WASHINGTON (KDKA) - A local congressman says if PennDOT goes ahead with tolling certain bridges on the interstate highways, the federal government should withhold federal funding for that interstate. Other officials think that goes too far.
U.S. Rep. Guy Reschenthaler, a Peters Republican, says he knows how to stop PennDOT's plan to let private companies toll certain bridges: cut off the check PennDOT gets from the feds.
"If they tolled a road or bridge that is not currently tolled, they wouldn't get federal funds for those roads or bridges," Reschenthaler told KDKA political editor Jon Delano on Tuesday.
At a meeting of the House Appropriations Committee, Reschenthaler offered an amendment to do just that, arguing Pennsylvania has plenty of money to spend without tolling.
"PennDOT's tolling is especially egregious because Pennsylvania has a current $10 billion surplus," Reschenthaler told his committee colleagues.
The Republican's amendment was voted down by a party-line vote with U.S. Rep. Matt Cartwright, a Scranton Democrat, voting no, saying it went too far.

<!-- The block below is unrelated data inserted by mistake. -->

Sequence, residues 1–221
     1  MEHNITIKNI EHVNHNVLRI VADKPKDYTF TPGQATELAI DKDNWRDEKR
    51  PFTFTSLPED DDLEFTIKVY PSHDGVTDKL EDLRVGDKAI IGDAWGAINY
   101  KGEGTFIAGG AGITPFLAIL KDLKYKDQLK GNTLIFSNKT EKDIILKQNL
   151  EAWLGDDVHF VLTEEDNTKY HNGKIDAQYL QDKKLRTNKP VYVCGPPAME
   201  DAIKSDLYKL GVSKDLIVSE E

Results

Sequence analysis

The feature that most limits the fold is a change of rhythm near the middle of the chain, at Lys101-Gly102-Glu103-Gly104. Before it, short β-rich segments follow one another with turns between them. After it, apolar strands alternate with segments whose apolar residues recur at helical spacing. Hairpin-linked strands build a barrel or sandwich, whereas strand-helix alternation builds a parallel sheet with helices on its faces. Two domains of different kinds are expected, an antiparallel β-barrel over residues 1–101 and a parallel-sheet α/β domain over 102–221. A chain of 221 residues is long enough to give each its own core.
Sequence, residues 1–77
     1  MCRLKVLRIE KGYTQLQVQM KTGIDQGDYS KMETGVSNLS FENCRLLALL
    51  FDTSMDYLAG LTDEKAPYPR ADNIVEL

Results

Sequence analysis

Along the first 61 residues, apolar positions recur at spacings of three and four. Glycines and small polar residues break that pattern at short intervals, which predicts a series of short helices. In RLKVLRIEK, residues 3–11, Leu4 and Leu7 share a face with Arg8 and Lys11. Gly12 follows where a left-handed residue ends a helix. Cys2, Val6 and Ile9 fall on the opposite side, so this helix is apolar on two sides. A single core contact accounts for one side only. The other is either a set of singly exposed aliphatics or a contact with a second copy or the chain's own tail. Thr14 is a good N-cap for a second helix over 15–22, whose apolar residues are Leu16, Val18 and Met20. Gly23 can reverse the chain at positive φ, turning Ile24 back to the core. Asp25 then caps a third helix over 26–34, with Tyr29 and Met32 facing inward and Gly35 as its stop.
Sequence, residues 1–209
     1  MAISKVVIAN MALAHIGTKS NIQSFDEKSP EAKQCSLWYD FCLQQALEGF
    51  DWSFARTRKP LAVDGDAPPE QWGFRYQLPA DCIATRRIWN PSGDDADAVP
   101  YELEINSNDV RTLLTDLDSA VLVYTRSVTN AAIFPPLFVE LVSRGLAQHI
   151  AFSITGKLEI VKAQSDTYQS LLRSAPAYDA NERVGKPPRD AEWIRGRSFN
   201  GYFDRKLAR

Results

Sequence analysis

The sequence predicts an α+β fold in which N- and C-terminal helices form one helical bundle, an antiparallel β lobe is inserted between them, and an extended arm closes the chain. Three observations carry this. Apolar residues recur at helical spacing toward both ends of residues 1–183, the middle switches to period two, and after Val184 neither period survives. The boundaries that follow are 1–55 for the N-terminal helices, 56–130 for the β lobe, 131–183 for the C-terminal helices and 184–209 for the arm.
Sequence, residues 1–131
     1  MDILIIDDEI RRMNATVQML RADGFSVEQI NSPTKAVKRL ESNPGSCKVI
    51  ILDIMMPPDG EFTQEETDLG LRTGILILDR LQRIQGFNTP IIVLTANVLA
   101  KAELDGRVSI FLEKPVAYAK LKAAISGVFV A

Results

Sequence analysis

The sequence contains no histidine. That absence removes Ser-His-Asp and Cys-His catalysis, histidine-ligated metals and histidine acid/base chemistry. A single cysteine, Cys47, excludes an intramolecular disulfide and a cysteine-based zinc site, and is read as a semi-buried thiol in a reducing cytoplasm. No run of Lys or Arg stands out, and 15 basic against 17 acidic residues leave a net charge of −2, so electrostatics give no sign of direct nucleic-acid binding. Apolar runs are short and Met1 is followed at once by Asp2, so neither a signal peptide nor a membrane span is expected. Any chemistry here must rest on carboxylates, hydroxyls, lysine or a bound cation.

"Let's not throw the baby out with the bathwater," said Cartwright.
Cartwright, who opposes most tolls, wants to toll Interstate 80 at the Ohio border because out-of-state truckers and drivers pay nothing to maintain the interstate in Pennsylvania.
"They beat the daylights out of that road. Every summer there has to be construction and repair of that road," says Cartwright.
Pennsylvania Rep. Jason Ortitay, the South Fayette Republican who represents the I-79 bridge to be tolled, praised Reschenthaler but worries about loss of federal money.
PennDOT gets about $2 billion a year from the feds.
"We don't want to lose any federal funding for our road system because then everyone suffers, but at the end of the day, you need to make a point," says Ortitay.
Withholding federal money does send a message.
On I-79 in Allegheny County alone, there's a $42 million federal project to repair the Neville Island Bridge and another $40 million in the works to upgrade I-79 in the North Hills.
Reschenthaler says he hasn't given up fighting against the proposed tolls.
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